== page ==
Senior Living Activities that Blend Generations
You might not expect to see children at a senior living facility, but perhaps you should. Senior living communities cater to the needs of older adults, and attention must be given to both the physical and emotional needs of the residents. Studies have shown that blending generations in senior living settings can provide benefits to both the older and younger individuals involved, making this a practice that deserves attention.
Demand for Intergeneration Programs
Intergenerational programs, which bring younger and older people together, are attractive to people seeking care for themselves or their loved ones.
The All In Together report from Generations United and the Eisner Foundation shows that only 26% of Americans are aware of places in the community where youth and older adults can interact, but many people are interested in the idea. In fact, 85% of Americans say that they would prefer a care setting with opportunities for intergenerational contact for themselves, and 86% would prefer this for a loved one.
Benefits for Both the Young and the Old
Generations United says that 92% of Americans think intergenerational activities can reduce loneliness. Loneliness is a serious issue for seniors – the CDC says that loneliness can put seniors at greater risk for dementia and other serious medical conditions – so anything that can reduce loneliness should be taken seriously.
Research supports the idea that blending generations can be beneficial. Blending the Generations, a program created by a University of Central Arkansas Occupational Therapy student as part of a doctoral capstone project has seven older participants and 12 younger participants. The two age groups spend time together and engage in conversation and activities. Older adults have experienced decreased depression and loneliness and improved health. The program has also helped reduce negative stereotypes that both younger and older people tend to have about the other age group.
It’s not just the seniors who benefit. According to research from Stanford, interactions between older adults and youth can support a sense of purpose for both age groups. Older adults benefit by learning about new things, such as technology, and children benefit from the mentorship and attention they receive.
Bringing Intergenerational Activities to Your Facility
By embracing activities that blend generations, you can help your residents feel better, both physically and mentally. This is a logical way to take care of your residents and support their overall well-being.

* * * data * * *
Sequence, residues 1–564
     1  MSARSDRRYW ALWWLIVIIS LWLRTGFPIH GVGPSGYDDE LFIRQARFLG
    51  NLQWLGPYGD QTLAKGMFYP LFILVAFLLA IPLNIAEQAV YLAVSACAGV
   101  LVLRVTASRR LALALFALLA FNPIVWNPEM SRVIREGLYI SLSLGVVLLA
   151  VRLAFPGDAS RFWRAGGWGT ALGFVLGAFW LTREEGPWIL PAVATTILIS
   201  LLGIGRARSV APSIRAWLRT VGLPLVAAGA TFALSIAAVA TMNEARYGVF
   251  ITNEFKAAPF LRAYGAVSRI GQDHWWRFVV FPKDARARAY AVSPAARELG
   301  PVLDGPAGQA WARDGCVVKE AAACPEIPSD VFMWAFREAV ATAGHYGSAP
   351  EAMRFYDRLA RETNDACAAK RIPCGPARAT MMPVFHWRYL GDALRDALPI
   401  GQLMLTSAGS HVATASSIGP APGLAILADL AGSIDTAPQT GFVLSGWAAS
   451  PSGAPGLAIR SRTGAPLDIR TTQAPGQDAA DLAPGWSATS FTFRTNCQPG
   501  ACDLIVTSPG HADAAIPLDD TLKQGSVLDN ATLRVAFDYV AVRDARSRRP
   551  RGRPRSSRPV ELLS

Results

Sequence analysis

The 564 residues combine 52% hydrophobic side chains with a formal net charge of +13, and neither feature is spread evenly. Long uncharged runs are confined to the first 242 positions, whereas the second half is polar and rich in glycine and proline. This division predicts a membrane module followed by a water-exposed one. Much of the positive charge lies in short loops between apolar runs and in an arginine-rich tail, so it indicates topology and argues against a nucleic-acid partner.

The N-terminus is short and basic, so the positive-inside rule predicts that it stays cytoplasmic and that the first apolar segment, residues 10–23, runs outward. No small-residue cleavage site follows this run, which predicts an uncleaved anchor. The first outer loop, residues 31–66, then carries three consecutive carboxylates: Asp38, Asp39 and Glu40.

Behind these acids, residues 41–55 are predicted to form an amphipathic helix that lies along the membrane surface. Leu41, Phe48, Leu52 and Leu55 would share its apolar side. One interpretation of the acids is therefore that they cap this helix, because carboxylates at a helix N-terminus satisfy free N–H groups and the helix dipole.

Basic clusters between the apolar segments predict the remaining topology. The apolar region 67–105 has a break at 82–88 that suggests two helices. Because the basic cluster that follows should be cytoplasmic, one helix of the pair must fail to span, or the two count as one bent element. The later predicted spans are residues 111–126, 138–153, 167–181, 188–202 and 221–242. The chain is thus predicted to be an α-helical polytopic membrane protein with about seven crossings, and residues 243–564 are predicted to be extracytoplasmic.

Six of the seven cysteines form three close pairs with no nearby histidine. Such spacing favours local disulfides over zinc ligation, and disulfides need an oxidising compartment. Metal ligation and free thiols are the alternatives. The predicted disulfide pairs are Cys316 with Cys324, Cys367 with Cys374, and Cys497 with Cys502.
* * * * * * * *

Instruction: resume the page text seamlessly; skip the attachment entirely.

Intergenerational activities can also make your facility more attractive to seniors and their families when they’re comparing their senior living options. When people see that you offer frequent intergenerational programs, they may decide to select your facility over one that doesn’t offer this type of activity. Furthermore, the word may spread in the community, creating buzz and leading to referral business for your facility.
There are multiple ways to approach intergenerational activities.
- Invite youth groups to perform at your facility. Your residents might enjoy seeing local children sing, play musical instruments, dance, conduct science demonstrations or show off their other skills and talents. Contact some of the youth groups in your area and see if they’re interested in arranging an event or a series of events. For example, you can reach out to local schools, youth centers, and clubs.
- Co-host intergenerational activities. You can also collaborate with a school or youth group to host an intergeneration activity, such as a game night, cooking class, computer class, or art class.
- Have young people volunteer at your facility. Many teenagers engage in volunteer work, and some high schools even have community service requirements for graduation. Reach out to the high schools in your area to set up a volunteer program.
- Go on an off-site field trip to see a youth activity. Instead of bringing local youth to your facility, you can take your residents to their activities. For example, if the local high school is putting on a play, you can organize a field trip to watch it. You can also watch local spelling bees, debates, sports, and other youth events.
Of course, regardless of the approach you select, safety needs to be a priority. An injury could occur, for example, if a rowdy child accidentally runs into an older resident and causes the resident to fall. It’s important to have proper supervision, and volunteers should not be asked to do anything that could be dangerous. Some training and establishment of ground rules may also be necessary. For example, before the Blending the Generations program began, participants had sensitivity training.
Don’t forget about insurance when you’re blending generations. Talk to your agent to ensure that any new activities will be covered under your insurance program. Need assistance? PCALIC specializes in insurance for senior living and adult residential care facilities. Learn more.